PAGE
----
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Editorial, 12/23: Lincoln needs new carrier to replace Delta, fuel new growth

Editorial, 12/23: Lincoln needs new carrier to replace Delta, fuel new growth

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Lincoln Airport

The Lincoln Airport's $55 million terminal renovation and expansion project is one of the many big projects that helped push building permit numbers to a record this year.

Lincoln will soon become a one-airline city, and the search is on for someone to fill the void left by Delta Air Lines, which will halt service in and out of Lincoln Airport in early January.

That's a blow to this city for so many reasons and comes just months after ground was broken on a $55 million renovation project to expand the terminal and add gates.

Now, with just United Airlines left, it's imperative that a second carrier be found to serve Lincoln and its surrounding area. With Delta's departure, United offers service out of Lincoln to only Chicago and Denver.

That's not enough destinations for a city that continues its quest to become an attractive destination for both corporate enterprise and the people needed to operate those ventures. Attracting the next generation of business leaders becomes more difficult when that city has the look of being second-rate.

"Delta's departure will result in even more unmet demand and, as a result, additional opportunities for growth," David Haring, Lincoln Airports executive director, told Journal Star business reporter Matt Olberding.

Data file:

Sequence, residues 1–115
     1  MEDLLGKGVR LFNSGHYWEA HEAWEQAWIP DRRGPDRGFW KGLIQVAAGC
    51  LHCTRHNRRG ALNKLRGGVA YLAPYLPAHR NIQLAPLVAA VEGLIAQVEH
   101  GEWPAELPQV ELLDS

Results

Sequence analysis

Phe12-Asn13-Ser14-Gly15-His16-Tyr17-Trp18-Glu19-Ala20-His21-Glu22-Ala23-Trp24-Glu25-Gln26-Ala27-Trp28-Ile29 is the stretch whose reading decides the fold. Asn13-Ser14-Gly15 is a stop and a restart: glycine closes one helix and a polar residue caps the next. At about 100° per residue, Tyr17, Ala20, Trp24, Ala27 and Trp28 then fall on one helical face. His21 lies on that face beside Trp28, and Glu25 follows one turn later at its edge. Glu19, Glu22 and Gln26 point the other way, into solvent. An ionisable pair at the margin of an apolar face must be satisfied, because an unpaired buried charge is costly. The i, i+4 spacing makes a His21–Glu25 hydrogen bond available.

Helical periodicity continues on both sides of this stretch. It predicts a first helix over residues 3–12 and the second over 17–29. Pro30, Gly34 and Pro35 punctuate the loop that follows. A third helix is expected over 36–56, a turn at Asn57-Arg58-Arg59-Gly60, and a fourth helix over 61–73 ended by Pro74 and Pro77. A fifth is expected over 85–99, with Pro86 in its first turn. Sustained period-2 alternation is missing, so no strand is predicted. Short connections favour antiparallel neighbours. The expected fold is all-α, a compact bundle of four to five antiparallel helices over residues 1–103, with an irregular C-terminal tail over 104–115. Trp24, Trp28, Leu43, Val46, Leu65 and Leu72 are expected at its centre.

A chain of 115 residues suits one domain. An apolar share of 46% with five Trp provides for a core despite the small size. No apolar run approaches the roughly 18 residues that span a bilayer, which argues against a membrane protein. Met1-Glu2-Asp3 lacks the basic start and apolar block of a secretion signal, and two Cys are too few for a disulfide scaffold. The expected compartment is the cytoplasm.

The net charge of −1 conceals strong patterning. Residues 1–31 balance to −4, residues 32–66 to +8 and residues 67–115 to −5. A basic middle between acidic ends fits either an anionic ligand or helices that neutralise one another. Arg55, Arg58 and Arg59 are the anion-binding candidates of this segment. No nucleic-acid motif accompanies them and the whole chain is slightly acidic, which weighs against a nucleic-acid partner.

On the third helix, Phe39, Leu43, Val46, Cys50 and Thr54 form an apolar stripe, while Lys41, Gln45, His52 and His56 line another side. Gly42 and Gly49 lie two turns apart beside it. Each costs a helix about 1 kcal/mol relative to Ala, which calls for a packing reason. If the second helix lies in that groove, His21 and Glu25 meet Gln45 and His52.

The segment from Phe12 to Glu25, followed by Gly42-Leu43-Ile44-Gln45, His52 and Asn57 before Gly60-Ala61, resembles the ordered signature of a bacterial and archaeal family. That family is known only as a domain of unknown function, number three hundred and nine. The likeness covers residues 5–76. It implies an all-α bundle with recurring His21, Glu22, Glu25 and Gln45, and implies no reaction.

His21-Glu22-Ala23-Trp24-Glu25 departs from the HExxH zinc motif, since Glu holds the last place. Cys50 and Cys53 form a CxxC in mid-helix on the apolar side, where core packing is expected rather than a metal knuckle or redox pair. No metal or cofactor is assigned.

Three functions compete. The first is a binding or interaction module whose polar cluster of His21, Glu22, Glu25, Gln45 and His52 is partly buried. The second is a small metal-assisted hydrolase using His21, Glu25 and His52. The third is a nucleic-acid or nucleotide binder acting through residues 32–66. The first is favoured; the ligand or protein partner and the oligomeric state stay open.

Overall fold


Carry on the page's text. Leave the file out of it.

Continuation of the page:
He was speaking of airline growth, but it transcends a multitude of industries.

Blaming Delta's departure on the last 21 months, most of which saw commercial air travel grind to a halt, isn't so far off track, but Lincoln isn't responsible for any of it.

Nationally, the airline industry has reported a shortage of pilots, which has caused a squeeze to make sure America's biggest airports -- in places like New York, Atlanta, Chicago and Los Angeles -- are prioritized.

Before the pandemic hit, Lincoln Airport had been on a growth spurt, with passenger numbers in 2019 hitting their highest levels since 2007.

Numbers dropped by more than two-thirds last year due to the pandemic but have rebounded somewhat this year and are on track to increase by more than 50% from 2020.

Delta had been providing service to Minneapolis for decades, and the destination was popular. The last of the twice-daily flights to Minneapolis is scheduled for Jan. 10.

Haring said the news was completely unexpected, and as recently as a couple of weeks ago, he thought that Lincoln was on the road to getting Delta to renew daily service between Lincoln and Atlanta.

"It's incredibly disappointing to us," he said. "We worked pretty hard to get the service back."

Lincoln's proximity to Omaha, which has an international airport 50 miles to the east doesn't help in making the case for Lincoln having a pressing need for an air carrier to step forward.

But make no mistake -- this need is pressing.

Getting a second airline to take the place of Delta, while providing another quality-of-life amenity to its population base, is also essential for our credibility as a city.


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